The Army has signed a $1.4 billion contract with Northrop Grumman for tech that will integrate its missile defense systems.
The contract for the Integrated Battle Command System is designed to link battle command systems and sensors to better detect and respond to incoming threats. It’s a part of the “integrated fires capability” that is central to the Army’s implementation of the Joint All Domain Command and Control (JADC2) construct, where the military is trying to build a battlefield internet-of-things with connected sensors.
“[Integrated Battle Command System] is a keystone Army Futures Command program that will provide a decisive battlefield advantage through weapon and sensor integration and a common mission-command system across all domains, delivering an integrated fires capability to the warfighter while improving battle space awareness, decision timing and protection against threats in complex integrated attack scenarios,” the Army said in a statement about the contract.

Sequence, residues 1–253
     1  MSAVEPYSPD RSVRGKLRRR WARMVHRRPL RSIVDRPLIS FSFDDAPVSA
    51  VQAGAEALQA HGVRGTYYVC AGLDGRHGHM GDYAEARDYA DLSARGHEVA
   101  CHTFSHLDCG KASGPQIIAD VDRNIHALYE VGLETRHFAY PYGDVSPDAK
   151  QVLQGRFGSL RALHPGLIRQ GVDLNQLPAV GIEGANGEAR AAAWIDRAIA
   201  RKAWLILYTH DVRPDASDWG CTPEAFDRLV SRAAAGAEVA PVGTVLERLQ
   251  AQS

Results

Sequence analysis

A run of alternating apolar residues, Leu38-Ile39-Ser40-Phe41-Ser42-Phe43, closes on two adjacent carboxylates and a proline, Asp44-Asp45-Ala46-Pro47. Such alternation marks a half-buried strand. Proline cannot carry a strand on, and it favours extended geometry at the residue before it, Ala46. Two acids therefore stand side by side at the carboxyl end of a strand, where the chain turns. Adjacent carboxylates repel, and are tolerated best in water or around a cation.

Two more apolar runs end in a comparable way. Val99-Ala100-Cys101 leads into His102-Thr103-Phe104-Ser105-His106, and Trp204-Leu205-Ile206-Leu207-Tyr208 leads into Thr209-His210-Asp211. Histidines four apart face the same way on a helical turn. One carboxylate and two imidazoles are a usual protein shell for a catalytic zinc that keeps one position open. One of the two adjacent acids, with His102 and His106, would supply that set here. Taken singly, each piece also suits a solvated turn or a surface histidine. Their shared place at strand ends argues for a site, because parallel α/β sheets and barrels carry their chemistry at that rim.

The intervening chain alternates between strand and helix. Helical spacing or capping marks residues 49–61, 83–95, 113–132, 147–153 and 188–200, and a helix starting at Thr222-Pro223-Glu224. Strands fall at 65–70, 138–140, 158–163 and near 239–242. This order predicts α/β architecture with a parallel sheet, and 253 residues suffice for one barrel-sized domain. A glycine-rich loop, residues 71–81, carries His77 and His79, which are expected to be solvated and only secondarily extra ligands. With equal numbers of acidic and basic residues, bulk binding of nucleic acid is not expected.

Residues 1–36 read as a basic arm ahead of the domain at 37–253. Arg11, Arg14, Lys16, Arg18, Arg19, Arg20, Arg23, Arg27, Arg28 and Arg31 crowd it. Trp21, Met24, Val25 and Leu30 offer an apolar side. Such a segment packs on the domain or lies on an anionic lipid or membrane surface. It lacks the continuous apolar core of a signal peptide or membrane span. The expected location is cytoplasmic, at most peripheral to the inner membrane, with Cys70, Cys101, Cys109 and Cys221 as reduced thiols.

This is the first major award for Integrated Battle Command System since 2009, according to the Army. The contract is a hybrid, with cost-no-fee, cost-plus-fixed-fee, cost-plus-incentive-fee and fixed-price-incentive vehicles, and work will last over the next five years. It was awarded by the Integrated Fires Mission Command (IFMC) Project Office, a part of the Army’s Missiles and Space Program Executive Office.
Northrop Grumman will deliver up to 160 systems to support modernization of the air and missile defense system, according to the Army.
In a statement to FedScoop, Mary Petryszyn, corporate vice president and president, Northrop Grumman Defense Systems called the contract “a major milestone in the extension of our open systems architecture approach to JADC2.”